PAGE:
After a day of cancellations the Icelandic Met Office say that the ash plume from the Grimsvotn volcano has reduced 75 percent in size and will not seriously affect mainland European airspace.
Iceland’s Meterological Office told Reuters that the plume, once at 20km in height, is now reduced to just 5km and that it is likely that the eruption is ending rather than getting worse.
In addition, meteorologist Halldor Bjornsson said: “It all fits in with the same picture that the worst of this eruption is over.”
Seismic readings showed that eruptions were tailing off and it has been indicated that the size of the current plume will not create a big enough cloud to reach the airspace of mainland Europe.
German airports have indicated a temporary closure may take place on Wednesday as the cloud reaches the north of the country tomorrow morning, although this precaution at Hamburg and Bremen would likely be needed for only a short period.
Over the next 48 hours the cloud is predicted to peak over the UK and cover South East England where the majority of UK air traffic centres, but the Met Office have predicted that the cloud will have almost completely disappeared by 29 May.
However it seems the reduction in emissions from the volcano has not abated the concerns of the airlines.
Easyjet have cancelled all their flights out of Scottish airspace and were surprisingly joined in this measure this afternoon by their low-cost rival Ryanair.
Earlier in the day, Ryanair owner Michael O’Leary had called the ash cloud mythical and attacked the Met Office for fabricating its existence: “You have to ask why a combination of bureaucratic incompetence in the CAA and the Met Office last night shut the skies over Scotland when this morning we have now confirmed there is no volcanic ash material in the atmosphere over Scotland.
“The Met Office produce these nonsensical forecasts of where this mythical ash cloud was going to go.”
Yet by 5pm the controversial boss had been advised by the Irish Aviation Authority that caution should be exercised, and all flights out of effected airports in Edinburgh and Glasgow were cancelled by the airline.
The Grimsvotn explosion is ten times bigger than the explosion at the Eyjafjallajokul volcano in 2010, but is having a far smaller an effect on the world’s airspace. Channel 4 News science correspondent Tom Clarke explains why from Iceland:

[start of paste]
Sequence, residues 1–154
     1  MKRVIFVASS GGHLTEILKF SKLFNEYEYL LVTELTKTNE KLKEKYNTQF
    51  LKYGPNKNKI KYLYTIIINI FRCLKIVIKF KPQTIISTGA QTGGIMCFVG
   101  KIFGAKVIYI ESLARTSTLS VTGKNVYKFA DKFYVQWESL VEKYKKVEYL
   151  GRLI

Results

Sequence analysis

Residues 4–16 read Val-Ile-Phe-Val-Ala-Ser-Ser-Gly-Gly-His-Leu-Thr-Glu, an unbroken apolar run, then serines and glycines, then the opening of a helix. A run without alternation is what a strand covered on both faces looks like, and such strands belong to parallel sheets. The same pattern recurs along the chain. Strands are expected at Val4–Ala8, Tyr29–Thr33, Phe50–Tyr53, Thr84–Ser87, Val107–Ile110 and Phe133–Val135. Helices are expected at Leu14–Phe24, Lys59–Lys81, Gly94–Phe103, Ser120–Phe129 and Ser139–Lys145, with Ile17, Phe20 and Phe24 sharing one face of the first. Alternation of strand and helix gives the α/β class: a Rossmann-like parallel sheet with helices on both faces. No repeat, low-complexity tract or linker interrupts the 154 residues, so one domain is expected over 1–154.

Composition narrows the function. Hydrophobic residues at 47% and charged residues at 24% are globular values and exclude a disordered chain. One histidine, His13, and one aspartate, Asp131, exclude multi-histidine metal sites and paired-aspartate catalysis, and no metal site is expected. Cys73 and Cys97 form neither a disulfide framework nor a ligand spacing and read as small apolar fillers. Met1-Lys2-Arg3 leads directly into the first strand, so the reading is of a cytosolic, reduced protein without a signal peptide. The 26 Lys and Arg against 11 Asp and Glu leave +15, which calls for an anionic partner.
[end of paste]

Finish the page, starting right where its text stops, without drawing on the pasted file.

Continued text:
“The ash from this volcano – though more of it has been flung higher into the atmosphere – appears to be of a heavier and more grainy. That means it will fall back to earth before it spreads across too much of Europe’s airspace.
“The weather patterns also look more favourable. When Eyjafjallajokul was erupting, steady winds brought the ash towards the UK for weeks on end. Right now the weather is much less predictable but it looks that winds will continue to shift through this week, meaning it is unlikely a steady stream of ash will be brought to the UK.
“It also looks like forecasters are better equipped to predict the ash cloud’s behaviour this time.
“There are radar instruments now on the ground in Iceland that are allowing them to monitor the height and density of the ash cloud. This information was unavailable for last year’s eruption but is essential if you are trying to predict how far the ash might go and how thick it might end up being.”
Know your rights
Richard Lloyd, executive director of Which? magazine, has this advice for consumers.
"Travellers should still be prepared for delays and cancellations, but airlines and the CAA do not expect the volcanic ash to cause as much disruption as last year. If you do have a flight booked over the next few days, contact your airline before you go to the airport, and make sure they have your up-to-date contact details.
"If your flight is cancelled or delayed for over five hours, you should be offered a choice of a full refund or transfer to an alternative flight. However, the airlines don't have to compensate passengers for loss of any additional elements to holidays, such as accommodation and car hire. It may be possible to claim for these losses on travel insurance, but passengers will need to check their individual policies, many of which may now have specific exclusions built in."